```
model = tf.keras.models.Sequential([
# Reshape into "channels last" setup.
tf.keras.layers.Reshape((28,28,1), input_shape=(28,28)),
tf.keras.layers.Conv2D(filters=10, kernel_size=(3,3),data_format="channels_last"),
# LayerNorm Layer
tfa.layers.InstanceNormalization(axis=3,
center=True,
scale=True,
beta_initializer="random_uniform",
gamma_initializer="random_uniform"),
tf.keras.layers.Flatten(),
tf.keras.layers.Dense(128, activation='relu'),
tf.keras.layers.Dropout(0.2),
tf.keras.layers.Dense(10, activation='softmax')
])
model.compile(optimizer='adam',
loss='sparse_categorical_crossentropy',
metrics=['accuracy'])
model.fit(x_test, y_test)
```

Train on 10000 samples 10000/10000 [==============================] - 2s 163us/sample - loss: 0.5175 - accuracy: 0.8434 <tensorflow.python.keras.callbacks.History at 0x7f04bc5010f0>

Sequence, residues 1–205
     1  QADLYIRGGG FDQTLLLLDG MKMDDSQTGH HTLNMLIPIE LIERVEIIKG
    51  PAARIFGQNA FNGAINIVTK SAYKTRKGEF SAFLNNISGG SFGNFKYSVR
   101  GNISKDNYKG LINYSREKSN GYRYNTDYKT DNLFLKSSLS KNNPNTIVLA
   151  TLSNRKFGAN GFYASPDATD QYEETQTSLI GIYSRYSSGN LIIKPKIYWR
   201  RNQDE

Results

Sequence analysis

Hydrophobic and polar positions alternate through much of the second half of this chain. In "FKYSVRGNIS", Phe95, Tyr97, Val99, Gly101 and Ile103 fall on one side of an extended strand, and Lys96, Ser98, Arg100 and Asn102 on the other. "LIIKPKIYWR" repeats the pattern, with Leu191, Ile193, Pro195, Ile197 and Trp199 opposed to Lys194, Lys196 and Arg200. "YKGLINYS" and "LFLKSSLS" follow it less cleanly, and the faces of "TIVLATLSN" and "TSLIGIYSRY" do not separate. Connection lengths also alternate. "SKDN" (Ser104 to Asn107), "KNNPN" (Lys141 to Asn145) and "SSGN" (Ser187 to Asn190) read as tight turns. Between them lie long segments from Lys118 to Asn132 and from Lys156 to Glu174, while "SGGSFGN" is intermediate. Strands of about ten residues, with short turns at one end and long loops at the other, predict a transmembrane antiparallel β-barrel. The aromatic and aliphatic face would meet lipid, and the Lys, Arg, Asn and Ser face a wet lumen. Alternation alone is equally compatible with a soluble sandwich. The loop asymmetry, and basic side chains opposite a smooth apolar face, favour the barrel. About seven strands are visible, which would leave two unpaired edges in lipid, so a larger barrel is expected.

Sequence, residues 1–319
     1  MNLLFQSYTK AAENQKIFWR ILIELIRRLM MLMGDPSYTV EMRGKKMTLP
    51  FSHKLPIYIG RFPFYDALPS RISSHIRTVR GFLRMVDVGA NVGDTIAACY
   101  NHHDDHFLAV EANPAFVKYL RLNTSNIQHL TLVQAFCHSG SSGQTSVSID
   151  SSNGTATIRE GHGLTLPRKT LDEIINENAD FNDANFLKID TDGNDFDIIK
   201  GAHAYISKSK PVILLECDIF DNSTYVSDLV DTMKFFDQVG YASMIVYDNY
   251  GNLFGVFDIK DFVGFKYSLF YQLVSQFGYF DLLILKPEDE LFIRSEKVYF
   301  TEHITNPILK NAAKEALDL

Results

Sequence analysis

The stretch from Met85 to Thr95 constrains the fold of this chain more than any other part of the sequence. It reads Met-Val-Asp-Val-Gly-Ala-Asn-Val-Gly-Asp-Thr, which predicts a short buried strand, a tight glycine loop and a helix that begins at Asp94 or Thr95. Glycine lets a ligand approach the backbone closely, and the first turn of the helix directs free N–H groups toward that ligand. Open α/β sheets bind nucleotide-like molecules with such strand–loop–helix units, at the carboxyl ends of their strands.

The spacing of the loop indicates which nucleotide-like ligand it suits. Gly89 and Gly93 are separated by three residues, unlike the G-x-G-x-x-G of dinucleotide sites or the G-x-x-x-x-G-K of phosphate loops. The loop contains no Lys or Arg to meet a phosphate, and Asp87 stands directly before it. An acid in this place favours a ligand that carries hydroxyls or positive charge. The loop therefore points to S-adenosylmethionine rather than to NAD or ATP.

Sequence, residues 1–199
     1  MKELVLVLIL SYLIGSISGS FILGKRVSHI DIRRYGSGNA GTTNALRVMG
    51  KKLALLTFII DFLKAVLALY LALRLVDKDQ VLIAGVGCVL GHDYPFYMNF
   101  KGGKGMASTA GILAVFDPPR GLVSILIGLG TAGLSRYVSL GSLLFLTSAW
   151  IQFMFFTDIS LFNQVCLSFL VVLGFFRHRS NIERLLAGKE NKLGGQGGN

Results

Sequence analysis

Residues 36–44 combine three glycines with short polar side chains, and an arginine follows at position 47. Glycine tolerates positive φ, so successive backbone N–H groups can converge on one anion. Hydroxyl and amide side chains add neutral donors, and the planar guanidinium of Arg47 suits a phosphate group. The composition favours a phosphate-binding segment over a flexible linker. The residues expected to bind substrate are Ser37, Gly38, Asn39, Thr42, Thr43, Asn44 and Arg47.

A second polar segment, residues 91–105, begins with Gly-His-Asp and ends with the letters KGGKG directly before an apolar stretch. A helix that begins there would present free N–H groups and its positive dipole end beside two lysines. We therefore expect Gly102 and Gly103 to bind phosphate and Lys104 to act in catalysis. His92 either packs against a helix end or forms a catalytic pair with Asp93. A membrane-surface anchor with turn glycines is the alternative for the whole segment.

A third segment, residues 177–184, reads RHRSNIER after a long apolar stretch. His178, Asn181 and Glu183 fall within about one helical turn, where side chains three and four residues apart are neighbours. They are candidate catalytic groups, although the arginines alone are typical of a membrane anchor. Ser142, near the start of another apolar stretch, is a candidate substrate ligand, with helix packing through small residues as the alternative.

## Layer Normalization Tutorial

### Introduction

Layer Normalization is special case of group normalization where the group size is 1. The mean and standard deviation is calculated from all activations of a single sample.

Experimental results show that Layer normalization is well suited for Recurrent Neural Networks, since it works batchsize independt.

### Example

Applying Layernormalization after a Conv2D Layer and using a scale and offset factor.

```
model = tf.keras.models.Sequential([
# Reshape into "channels last" setup.
tf.keras.layers.Reshape((28,28,1), input_shape=(28,28)),
tf.keras.layers.Conv2D(filters=10, kernel_size=(3,3),data_format="channels_last"),
# LayerNorm Layer
tf.keras.layers.LayerNormalization(axis=1 , center=True , scale=True),
tf.keras.layers.Flatten(),
tf.keras.layers.Dense(128, activation='relu'),
tf.keras.layers.Dropout(0.2),
tf.keras.layers.Dense(10, activation='softmax')
])
model.compile(optimizer='adam',
loss='sparse_categorical_crossentropy',
metrics=['accuracy'])
model.fit(x_test, y_test)
```

Train on 10000 samples 10000/10000 [==============================] - 2s 164us/sample - loss: 0.4464 - accuracy: 0.8724 <tensorflow.python.keras.callbacks.History at 0x7f04bc2dda58>